Unable to access her loom or studio during the onset of the 2020 coronavirus crisis, weaver Sarah Ward was undeterred. ‘I was desperate to weave something,’ she says. She decided the answer was to weave off-loom, a process that involves wrapping warp strings around a solid surface; initially she used cardboard and then shifted to small pieces of wood. She wove the weft through the warp with a needle threaded with industry waste yarns. These enchanting, delicate and intricate small weaves are described by Ward as ‘studies’. A selection of studies plus her loom-based Ikat Plaid studies are on exhibition at Future Icons Presents during the month of June 2021.
The subjects of her off-loom studies are her favourite weave structures: twill, herringbone, hopsack, houndstooth and waffle. The first question one wonders is how long it takes Ward to weave a study. She admits they have become ‘an addiction’. Based on standard British paper sizes, A6 (105 x 148 mm) ‘takes about two full days of weaving—but it depends on the thickness of the yarn and the complexity of the weave structure,’ while A4 (210 x 297 mm) ‘takes about a week of full-on weaving every day, give or take a day or two depending again on the thickness of the yarn and the complexity’. Ward has started on A3-sized studies that so far, she reports, ‘are taking 2-3 weeks to finish’.
Ward’s contribution to the group show at Future Icons Presents includes her hand-painted, loom-woven Ikat Plaid studies. (‘I call them “plaid” or “checks”,’ she explains, ‘because some of my clients are American.’) Her technique is based on the traditional textile technique of ikat. Ward describes her unique version of the ikat process where she hand paints weft and warp with silk inks.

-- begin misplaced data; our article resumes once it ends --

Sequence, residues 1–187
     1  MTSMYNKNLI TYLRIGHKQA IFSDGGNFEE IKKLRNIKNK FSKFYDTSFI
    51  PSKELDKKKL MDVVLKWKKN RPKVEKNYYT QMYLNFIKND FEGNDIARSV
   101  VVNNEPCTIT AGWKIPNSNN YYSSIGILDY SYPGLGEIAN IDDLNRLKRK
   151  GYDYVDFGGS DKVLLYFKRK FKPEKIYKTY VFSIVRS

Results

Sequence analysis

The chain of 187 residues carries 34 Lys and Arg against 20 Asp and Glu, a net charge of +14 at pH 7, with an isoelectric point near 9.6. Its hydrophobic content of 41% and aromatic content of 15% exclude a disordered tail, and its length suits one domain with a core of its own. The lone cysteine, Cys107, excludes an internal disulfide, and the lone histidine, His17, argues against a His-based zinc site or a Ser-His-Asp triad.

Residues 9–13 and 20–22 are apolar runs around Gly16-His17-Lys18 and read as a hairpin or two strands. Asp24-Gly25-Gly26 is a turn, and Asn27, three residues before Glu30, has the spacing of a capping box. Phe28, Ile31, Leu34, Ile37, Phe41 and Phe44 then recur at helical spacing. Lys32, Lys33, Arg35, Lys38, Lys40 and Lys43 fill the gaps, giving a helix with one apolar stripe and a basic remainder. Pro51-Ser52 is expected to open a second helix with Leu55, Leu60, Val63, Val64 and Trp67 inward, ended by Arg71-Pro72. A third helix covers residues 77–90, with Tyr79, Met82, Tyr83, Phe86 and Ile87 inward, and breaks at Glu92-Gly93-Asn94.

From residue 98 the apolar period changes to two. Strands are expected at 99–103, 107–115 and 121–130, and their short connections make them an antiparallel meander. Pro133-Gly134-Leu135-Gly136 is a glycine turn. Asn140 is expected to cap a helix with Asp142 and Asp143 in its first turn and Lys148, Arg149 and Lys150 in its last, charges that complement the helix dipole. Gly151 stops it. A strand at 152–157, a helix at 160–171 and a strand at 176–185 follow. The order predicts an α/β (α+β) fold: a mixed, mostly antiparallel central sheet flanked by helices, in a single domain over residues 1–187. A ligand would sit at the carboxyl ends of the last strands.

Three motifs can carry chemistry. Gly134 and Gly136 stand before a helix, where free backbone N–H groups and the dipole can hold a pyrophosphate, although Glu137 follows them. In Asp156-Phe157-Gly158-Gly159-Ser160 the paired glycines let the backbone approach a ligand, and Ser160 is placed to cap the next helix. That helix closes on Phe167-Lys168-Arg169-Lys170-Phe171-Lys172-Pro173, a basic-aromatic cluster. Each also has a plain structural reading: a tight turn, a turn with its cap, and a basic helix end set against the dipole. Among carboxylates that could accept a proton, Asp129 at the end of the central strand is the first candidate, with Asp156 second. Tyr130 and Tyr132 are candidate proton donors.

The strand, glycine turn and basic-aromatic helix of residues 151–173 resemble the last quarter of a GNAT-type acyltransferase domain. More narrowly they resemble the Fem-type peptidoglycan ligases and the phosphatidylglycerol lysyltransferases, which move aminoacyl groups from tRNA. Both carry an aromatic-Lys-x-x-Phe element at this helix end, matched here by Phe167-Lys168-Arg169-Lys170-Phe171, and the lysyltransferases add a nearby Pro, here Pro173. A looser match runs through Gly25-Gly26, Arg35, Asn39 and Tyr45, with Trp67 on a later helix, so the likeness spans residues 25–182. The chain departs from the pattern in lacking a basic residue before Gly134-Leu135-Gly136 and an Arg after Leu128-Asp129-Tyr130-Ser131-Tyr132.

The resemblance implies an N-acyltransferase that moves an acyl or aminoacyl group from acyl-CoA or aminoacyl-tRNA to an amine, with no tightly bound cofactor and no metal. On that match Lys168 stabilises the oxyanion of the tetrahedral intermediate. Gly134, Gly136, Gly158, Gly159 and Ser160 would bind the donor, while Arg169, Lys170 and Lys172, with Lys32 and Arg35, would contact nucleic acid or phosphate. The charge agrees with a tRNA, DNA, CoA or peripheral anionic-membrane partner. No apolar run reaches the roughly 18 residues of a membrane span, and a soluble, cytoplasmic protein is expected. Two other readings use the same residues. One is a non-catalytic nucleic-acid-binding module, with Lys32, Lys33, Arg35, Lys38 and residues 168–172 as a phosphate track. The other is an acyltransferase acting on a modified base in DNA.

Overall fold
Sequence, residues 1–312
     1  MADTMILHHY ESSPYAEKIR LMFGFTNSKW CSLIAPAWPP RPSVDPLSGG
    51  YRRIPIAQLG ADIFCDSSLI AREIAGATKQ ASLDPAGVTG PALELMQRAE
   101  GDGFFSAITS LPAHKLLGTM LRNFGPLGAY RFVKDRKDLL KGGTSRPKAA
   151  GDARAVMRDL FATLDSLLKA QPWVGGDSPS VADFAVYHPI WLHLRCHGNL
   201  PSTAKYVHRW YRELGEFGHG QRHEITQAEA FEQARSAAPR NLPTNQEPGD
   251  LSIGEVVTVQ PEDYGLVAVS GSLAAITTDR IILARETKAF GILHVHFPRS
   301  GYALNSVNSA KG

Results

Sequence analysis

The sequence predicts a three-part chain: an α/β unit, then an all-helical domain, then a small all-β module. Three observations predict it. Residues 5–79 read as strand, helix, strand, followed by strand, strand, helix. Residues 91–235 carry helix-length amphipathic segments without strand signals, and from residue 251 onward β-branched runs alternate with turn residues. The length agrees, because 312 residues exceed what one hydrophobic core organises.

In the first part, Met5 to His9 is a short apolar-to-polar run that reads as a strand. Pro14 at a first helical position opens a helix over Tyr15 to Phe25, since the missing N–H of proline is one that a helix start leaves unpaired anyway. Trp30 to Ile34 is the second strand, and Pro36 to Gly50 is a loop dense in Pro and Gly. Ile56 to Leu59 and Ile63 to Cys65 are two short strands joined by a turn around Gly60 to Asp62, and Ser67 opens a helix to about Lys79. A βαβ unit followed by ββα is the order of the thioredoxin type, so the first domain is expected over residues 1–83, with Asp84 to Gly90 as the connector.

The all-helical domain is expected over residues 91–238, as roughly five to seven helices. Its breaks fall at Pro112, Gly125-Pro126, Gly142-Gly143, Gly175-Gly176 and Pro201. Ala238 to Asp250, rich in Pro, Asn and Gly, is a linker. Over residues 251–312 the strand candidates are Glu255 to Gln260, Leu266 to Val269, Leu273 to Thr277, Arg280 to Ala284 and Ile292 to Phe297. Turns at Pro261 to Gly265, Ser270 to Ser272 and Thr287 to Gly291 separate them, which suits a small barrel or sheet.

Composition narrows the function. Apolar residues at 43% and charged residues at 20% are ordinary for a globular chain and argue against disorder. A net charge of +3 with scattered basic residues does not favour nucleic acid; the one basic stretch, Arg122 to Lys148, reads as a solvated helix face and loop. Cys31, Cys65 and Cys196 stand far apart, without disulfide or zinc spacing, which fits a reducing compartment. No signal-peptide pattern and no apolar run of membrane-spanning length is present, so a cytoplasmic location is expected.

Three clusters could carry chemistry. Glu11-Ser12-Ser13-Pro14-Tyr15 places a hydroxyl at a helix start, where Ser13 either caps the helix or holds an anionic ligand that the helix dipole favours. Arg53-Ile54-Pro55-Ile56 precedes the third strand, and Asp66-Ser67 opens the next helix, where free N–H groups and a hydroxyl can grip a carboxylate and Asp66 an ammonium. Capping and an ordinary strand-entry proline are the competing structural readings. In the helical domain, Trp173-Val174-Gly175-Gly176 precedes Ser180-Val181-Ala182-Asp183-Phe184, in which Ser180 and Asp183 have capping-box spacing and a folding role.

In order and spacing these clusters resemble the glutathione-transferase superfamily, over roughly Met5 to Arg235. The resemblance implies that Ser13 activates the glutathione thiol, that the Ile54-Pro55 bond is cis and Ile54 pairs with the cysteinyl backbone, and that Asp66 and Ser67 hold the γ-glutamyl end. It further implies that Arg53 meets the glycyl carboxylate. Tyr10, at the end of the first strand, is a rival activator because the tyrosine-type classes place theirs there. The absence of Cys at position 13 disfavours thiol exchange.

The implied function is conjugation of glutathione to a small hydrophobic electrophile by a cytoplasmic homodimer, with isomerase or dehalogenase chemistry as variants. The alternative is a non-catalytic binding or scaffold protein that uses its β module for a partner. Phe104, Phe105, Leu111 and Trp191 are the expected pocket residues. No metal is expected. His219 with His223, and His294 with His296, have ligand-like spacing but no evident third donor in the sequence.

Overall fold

‘It takes about four days to set up the loom—to make the warp, wind it onto the loom, to thread all the warp yarns through their individual heddles, and through the reed (the beater). Once that’s on it takes about two-three days to weave each ikat study. The warp is industry waste off-white silk. I always start with a white warp and paint it as I go. First I paint the warp yarns, which are already on the loom. They are the vertical stripes in the design. Then I paint the horizontal weft yarns. I isolate small groups of yarns by sliding card under the ones I want to paint. This protects the other yarns. I make a large winding of white waste silk the same width as the warp, and measure exactly where I need to paint in order for the check/plaid to cross perfectly with the painted warp threads. There is a lot of maths involved!’
Ward’s Ikat series explores check patterns, but it also allows her to experiment with colour interaction. ‘As I weave, each weft yarn must line up so that it matches the warp—it should roughly be in the right place if I have measured the yarns and the painting correctly, but the beauty of Ikat is the way the yarns are staggered, creating that beautiful ‘liney’ effect. The check/plaid placement appears gradually as I weave.’
While the studies appear flawlessly beautiful, Ward wants to ensure viewers understand the intention behind both series is to celebrate ‘finding beauty in the imperfections that connect a piece to its maker.’
Future Icons Presents is a collaboration with the annual Mayfair Art Weekend and continues until 30 June at London’s Burlington Arcade on Piccadilly.